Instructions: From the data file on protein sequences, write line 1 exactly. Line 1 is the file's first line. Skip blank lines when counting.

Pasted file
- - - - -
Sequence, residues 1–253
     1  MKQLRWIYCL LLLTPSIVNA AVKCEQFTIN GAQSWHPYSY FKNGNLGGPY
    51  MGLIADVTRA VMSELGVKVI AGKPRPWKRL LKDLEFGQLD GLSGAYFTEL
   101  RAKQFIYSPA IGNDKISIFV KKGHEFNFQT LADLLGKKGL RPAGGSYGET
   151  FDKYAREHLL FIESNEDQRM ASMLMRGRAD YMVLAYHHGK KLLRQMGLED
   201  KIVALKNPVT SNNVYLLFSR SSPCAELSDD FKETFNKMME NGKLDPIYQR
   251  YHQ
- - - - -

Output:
Sequence, residues 1–253